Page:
Learning a new way

Kelsey Gerhardt|Daily News Lisa and Gary Smith and Bobby Wilder are pictured with their straw bale garden. This family is trying a new raised bed technique to keep out weeds and use less space to produce a high yield.

Kelsey Gerhardt|Daily News Gary Smith and Bobby Wilder check on the cucumbers growing in their straw bale garden.

Kelsey Gerhardt|Daily News Lisa Smith keeps an eye on her tomatoes growing from a straw bale.

Tried and true garden tips include lots of rain, sunshine and warm weather, but garden types have varied greatly over the years. Pineville residents Lisa and Gary Smith and Bobby Wilder have planted seeds using a new type of gardening featuring straw bales.

“I did the heavy work and got the bales ready and they planted it. They like to watch it grow and I like to eat it,” said Gary.

The process includes fertilizing and watering straw bales for two weeks, planting and covering the seeds with dirt. They have a total of 32 bales planted with cucumbers, potatoes, squash, peppers, cabbage and many other summertime favorites.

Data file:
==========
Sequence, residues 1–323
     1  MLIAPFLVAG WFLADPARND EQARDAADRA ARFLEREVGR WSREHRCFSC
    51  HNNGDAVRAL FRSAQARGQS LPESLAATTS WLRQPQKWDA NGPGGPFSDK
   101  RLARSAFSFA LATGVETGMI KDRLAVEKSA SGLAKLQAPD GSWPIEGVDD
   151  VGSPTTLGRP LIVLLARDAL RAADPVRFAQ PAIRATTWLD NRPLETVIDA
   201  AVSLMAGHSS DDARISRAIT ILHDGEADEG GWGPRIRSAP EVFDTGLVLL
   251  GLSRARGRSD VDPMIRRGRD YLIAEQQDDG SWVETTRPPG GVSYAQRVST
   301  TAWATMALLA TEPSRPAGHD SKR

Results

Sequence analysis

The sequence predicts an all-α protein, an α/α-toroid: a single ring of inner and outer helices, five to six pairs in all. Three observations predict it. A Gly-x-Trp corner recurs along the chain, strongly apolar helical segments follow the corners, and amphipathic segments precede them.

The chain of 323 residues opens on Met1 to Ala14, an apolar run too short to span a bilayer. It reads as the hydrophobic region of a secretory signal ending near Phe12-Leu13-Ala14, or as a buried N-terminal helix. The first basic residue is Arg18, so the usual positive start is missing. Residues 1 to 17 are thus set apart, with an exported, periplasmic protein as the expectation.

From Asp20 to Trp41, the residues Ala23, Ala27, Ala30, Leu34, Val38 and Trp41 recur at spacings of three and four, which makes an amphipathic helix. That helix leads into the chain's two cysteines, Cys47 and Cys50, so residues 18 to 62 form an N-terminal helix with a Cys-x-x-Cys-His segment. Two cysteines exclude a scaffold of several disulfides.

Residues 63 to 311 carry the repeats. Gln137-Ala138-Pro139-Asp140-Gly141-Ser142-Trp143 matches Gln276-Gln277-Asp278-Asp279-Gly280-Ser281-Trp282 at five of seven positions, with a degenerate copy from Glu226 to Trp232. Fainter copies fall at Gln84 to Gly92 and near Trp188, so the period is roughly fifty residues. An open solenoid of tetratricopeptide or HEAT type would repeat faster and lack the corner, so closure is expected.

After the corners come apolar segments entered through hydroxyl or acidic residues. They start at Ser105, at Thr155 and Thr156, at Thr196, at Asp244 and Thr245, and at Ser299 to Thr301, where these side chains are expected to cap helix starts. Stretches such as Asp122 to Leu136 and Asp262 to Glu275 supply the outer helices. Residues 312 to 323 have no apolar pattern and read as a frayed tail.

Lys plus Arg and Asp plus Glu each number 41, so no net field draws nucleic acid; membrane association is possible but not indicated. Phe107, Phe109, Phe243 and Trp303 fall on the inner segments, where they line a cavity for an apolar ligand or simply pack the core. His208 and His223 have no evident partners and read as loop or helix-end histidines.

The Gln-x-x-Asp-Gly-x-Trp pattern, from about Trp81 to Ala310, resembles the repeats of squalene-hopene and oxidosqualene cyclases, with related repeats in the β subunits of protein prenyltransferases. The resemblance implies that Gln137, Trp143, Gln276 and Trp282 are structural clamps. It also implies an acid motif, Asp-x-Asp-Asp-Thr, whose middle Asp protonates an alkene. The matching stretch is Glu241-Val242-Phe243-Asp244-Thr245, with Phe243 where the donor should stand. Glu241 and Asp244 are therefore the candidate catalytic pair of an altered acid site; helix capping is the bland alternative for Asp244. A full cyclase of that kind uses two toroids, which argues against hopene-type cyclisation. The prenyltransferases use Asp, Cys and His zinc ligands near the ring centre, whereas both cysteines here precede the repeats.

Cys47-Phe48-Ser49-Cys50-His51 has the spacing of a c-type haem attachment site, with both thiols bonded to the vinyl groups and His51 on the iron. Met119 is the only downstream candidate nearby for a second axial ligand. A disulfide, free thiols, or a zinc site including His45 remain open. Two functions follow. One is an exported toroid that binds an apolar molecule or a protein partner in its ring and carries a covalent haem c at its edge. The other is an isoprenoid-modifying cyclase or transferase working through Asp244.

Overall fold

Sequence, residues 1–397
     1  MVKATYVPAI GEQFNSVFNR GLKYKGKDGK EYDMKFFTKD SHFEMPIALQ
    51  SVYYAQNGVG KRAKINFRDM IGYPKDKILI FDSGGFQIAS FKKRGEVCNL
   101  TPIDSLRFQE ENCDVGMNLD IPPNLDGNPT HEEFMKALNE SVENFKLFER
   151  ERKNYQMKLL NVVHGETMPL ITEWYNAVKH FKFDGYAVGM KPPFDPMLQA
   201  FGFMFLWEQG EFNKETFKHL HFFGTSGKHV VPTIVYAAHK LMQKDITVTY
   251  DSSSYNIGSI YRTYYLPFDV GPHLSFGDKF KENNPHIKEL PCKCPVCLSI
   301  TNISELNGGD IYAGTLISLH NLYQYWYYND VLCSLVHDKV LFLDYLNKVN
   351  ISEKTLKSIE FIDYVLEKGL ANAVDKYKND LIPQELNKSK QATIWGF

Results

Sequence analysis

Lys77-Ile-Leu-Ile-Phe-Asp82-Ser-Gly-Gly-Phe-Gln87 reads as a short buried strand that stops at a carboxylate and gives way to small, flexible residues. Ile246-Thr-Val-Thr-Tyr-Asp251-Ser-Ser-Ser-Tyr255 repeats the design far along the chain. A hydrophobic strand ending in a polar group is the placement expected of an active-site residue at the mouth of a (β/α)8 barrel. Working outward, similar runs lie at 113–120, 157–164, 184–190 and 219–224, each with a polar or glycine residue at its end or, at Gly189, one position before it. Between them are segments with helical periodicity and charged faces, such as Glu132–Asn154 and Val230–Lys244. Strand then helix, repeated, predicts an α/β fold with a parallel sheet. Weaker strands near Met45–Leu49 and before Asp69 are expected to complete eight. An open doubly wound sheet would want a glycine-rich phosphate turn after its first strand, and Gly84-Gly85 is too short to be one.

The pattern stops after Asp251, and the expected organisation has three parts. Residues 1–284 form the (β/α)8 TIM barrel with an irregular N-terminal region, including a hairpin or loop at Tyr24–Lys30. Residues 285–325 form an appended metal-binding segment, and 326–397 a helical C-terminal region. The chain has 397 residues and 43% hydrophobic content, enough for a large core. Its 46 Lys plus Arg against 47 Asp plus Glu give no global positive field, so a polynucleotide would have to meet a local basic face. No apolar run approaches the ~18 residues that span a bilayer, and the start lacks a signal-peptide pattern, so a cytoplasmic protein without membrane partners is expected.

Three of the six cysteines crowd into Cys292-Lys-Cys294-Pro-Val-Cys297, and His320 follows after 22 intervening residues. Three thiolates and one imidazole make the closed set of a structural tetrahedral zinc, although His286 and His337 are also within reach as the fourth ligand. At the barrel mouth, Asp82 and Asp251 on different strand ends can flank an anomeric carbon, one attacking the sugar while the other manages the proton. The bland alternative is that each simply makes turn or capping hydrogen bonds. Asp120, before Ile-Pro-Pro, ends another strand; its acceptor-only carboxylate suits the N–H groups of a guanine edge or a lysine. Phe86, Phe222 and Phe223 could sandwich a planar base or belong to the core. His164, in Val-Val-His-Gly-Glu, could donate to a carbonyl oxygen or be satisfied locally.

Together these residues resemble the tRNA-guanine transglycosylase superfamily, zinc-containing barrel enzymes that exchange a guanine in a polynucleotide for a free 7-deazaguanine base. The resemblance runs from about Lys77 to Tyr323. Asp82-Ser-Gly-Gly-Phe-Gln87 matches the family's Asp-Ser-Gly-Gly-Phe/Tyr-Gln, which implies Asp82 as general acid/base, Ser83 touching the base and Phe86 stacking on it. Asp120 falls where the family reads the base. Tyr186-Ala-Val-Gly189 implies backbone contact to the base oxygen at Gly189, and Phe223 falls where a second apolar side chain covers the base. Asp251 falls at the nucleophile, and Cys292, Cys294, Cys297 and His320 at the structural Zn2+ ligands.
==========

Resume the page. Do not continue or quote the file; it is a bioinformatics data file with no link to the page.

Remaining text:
“It was interesting to me because it’s a way to do gardening with no weeding, no hoeing. Also, our soil isn’t great so I needed something that would work and I was looking for ease so this was perfect,” said Wilder.

The family learned about the process by researching on the internet and reading a book. They are continuing their learning experience by trial and error. While the Smiths enjoy this new era of gardening tips, Wilder prefers the traditional way.

“Well, now if the soil is right I like old time gardening better because you get to work in the dirt and with it more. It’s just the way its always been done,” said Wilder.

The Smiths have been married for 31 years. They are retired from working in several different facets of education in Eastern Kentucky and Bell County Schools. Wilder spends his free time relaxing, playing guitar and mandolin while watching his garden grow.

“This is just a way for us to continue our education and learn something new. I swore as a child I would never have my own garden, but the older I get the more I enjoy growing things, even if I’m looking for the easy way to do it,” said Lisa.

Tomatoes from the straw bale garden are beginning to ripen, and the bright red color is a sign the family will try this again next spring.

Kelsey Gerhardt can be reached at 606-302-9093 or on Twitter @kgerhardmbdn.

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